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March 2, 2018

Responding To: The Future of U.S.-China Climate Change Efforts

U.S. Withdrawal Affects More Than the Sino-U.S. Relationship

Hao Min

U.S. withdrawal from the Paris Agreement is sure to cause uproar in the international community, especially in Europe. This withdrawal not only has an impact on the Sino-U.S. relationship, but more so on the U.S.–Europe relationship. Addressing climate change has been ingrained in Europe’s ideology, and they will pay more attention to its impact. As an important international power, as well as the backbone of the Paris Agreement, U.S. withdrawal would lead many countries to doubt future ability to tackle climate change. The Paris Agreement was made on Intended Nationally Determined Contributions (INDC), based upon the bottom-up contributions of all nations. Therefore, countries would define their responsibilities on emission reductions based on the rules of INDC. It is hard to say whether U.S. withdrawal at this moment will undermine the foundation of the INDC of all nations, or disrupt the balance on tackling climate change. As to whether China is taking the lead in response to climate change, objectively speaking, the withdrawal of the United States may result in a G2 pattern of group China and Europe. China thinks the withdrawal of the United States from the Paris Agreement is irresponsible. As China is trying to have a voice in international affairs and play a bigger role on the global stage, many domestic media or scholars believe that we are becoming a leader and trying to engage in environmental diplomacy, that we are trying to seize the chance to expand our international influence. However, I think these sayings might to some extent be catered to the thoughts of government authorities. But from an objective perspective, whether China will shoulder the leadership responsibility after U.S. withdrawal remains uncertain.

First, the United States remains a member of the UN Framework Convention on Climate Change and is an indispensable member of the global response to climate change. Withdrawal from the agreement might arguably be due to the financial pressure the United States faces from the 100 billion U.S. dollars invested in energy-saving and emission-reduction targets. However, I think the United States did not intend to completely overwhelm the global response. We must be clear that the United States remains in cooperation with the international community on tackling climate change, and not an adversary.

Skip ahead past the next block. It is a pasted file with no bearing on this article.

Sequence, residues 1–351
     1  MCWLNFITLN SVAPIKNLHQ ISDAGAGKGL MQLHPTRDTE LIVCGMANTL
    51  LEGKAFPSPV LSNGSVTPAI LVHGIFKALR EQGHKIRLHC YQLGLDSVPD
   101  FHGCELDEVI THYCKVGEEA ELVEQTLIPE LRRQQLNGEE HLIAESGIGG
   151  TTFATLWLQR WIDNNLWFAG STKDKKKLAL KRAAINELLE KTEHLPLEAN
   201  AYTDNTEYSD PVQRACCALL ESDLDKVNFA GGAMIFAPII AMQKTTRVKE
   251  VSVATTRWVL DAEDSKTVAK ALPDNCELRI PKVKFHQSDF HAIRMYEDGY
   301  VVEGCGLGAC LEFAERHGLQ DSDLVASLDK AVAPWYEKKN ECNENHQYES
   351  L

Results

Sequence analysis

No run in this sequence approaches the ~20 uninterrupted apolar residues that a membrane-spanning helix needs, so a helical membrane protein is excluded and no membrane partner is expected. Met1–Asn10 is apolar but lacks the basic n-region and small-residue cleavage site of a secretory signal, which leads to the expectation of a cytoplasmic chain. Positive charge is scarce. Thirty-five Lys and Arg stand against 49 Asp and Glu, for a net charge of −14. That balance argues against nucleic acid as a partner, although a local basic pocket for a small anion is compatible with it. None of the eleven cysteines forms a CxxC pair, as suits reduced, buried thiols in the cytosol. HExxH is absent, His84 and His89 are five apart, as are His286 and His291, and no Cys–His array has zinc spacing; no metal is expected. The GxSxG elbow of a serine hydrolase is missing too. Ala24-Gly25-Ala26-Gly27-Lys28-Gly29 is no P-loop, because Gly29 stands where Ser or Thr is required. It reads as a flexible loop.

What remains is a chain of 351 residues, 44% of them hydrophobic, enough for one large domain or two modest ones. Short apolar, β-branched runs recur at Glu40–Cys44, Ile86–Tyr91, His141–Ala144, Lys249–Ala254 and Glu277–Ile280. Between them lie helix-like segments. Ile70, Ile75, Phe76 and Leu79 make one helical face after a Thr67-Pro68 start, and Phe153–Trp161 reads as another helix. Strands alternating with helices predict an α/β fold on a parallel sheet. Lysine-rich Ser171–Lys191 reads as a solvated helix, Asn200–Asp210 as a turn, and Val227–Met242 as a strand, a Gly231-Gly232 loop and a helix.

In addition, China should definitely be the de facto frontrunner on the scale of emissions and emissions reductions alone. However, that does not mean that China can take the lead to maintain the balance on a global scale, support energy conservation and emissions reduction in other developing countries, as well as support and coordinate with all countries in coping with climate change. In my opinion China is not yet ready to shoulder that leadership. China will try its best to carry out its promised objectives and tasks according to the INDO documents and set a good example, but it does not yet have the economic and technical capabilities to lead the whole world in fighting climate change.

The withdrawal of the United States from the Paris Agreement does not mean that it opposes the plan and will never participate in it again. As the world’s largest economy and emitter, the United States still carries huge responsibilities to climate change even if it exits from the Paris Accord. President Trump merely represents the position and attitude of this current administration. Previously, the Obama administration did an excellent job responding to climate issues and made great contributions. Withdrawal of the government does not equal withdrawal of the people, business, or the states. On the contrary, the power of the people can make great contributions and should not be ignored. China is now developing clean energy, conducting energy transformation and technological change, and as a consequence, it is the world's largest investment country and market for clean energy and technology. On the other hand, the United States is still the most powerful and technologically advanced place in clean energy applications. It is foreseeable that there are many opportunities for cooperation between China and the United States in the field of clean energy.

Hao Min is the vice dean of the Department of International Politics at the University of International Relations in Beijing. She is a participant in the Initiative for U.S. -China Dialogue on Global Issues faculty research group on climate change.

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